On his first trip to Honduras with Global Brigades last year one woman, in particular, left a lasting impression on Anglo native, Jake Shea.
The woman had lost both of her legs to a genetic disorder. Relying on her arms for mobility, she had made it to a clinic Shea and a group of Global Brigade volunteers from Dalhousie University were staffing.
“If we find someone we want to endorse, as a brigade, we can raise the money ourselves and we can put it towards this one person and we can help that person get the help they need,” Shea explained.
His group of volunteers reached out to the woman and offered to raise the money needed to buy her a wheelchair.
She declined the offer.
“She felt she had everything she needed, and she was fine the way she was,” marveled Shea who admitted being touched by the woman’s determination.
“People think I go there and I help so many people and I help them out so much and they get so many things from me, but I think I learn just as much. I get just as much knowledge from them as they get from me,” he said. “It’s very humbling.”
People residing in the mountains and other rural areas of the country, Shea said, have to travel for hours to get to a hospital. Global Brigades brings the services closer to them but, still, reaching the brigade remains a long journey for some of the people who seek help.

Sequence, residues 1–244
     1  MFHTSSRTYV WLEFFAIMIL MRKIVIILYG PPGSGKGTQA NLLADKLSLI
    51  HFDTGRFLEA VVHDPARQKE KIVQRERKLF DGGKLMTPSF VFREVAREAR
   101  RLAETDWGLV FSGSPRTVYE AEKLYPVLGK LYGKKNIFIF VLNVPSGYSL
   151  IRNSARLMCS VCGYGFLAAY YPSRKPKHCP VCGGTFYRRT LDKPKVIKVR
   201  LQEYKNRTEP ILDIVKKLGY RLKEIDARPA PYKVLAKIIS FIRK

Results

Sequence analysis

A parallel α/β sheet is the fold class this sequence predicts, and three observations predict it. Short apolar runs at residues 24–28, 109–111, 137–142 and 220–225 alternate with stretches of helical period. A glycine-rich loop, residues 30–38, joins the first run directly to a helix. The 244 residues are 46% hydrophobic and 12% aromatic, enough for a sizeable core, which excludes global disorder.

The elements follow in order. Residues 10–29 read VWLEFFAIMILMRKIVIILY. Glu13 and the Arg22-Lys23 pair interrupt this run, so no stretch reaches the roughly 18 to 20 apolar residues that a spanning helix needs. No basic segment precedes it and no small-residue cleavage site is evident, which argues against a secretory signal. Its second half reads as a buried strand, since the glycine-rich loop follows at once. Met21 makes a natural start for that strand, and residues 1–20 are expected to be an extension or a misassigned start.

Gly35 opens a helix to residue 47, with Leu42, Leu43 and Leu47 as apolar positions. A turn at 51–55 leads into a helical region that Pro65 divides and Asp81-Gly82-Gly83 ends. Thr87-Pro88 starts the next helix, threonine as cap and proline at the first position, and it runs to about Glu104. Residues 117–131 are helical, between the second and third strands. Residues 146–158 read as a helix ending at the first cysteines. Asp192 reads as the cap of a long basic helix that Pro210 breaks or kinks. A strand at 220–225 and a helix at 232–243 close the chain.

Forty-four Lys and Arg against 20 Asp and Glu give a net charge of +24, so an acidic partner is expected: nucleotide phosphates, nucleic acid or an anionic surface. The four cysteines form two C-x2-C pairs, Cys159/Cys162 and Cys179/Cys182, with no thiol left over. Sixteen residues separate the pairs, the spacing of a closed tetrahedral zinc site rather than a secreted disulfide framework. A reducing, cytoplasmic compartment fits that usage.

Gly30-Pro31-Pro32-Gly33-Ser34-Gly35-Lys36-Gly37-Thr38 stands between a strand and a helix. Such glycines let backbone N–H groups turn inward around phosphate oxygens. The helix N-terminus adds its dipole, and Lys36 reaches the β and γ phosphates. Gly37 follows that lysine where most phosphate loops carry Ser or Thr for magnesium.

Shea, who has just completed Year Three of Dalhousie University’s Medical Sciences program, left Sunday for his second trip to Honduras. He’s part of a 40-member Dalhousie Brigade, the largest group ever from the university, that will conduct three brigades during six days on the ground in the impoverished country. They’re actually gone for 10 days, but two days each way are taken up with travel.
“It’s 100 per cent staying there and doing everything you can for the people,” he said of the group’s purpose.
Three of their days will be spent conducting medical brigades, including doctor consultations, a dental clinic, pharmacy, optometry and charlas, educational sessions for children, focusing on hygiene. ‘It’s mainly giving the fluoride and teaching about hand-washing and what drinks and foods are healthy,’ he explained the educational sessions.
Shea, who is co-coordinator of donations on the Dalhousie Global Brigades executive, and his fellow Brigade members have been busy fundraising and gathering up supplies for the trip. They will be giving out kits to everyone who attends the clinics and charlas.
The kits include personal care products like toothbrushes, and paste, dental floss, shampoo, soap and other items.
They needed, for instance, more than 900 toothbrushes and recent donations from two West Prince dental clinics helped put them over the top. The Dalhousie Dental School supplied 800 tubes of tooth paste. Hotels around Halifax helped with the travel-size soaps.
Shea said Global Brigades visit communities in Honduras throughout the year, one group picking up from where another left off.
“We try to make a whole community empowered,” Shea described Global Brigades’ mission.
“Eventually, they have everything they need to sustain themselves.” He said 11 communities in Honduras have already gained empowered status. Global Brigades teams are then able to concentrate their efforts in other communities.
Shea said coordinators visit the communities and learn what help the communities require.
“They want the help they need, but once they get all the help they need, they are happy.”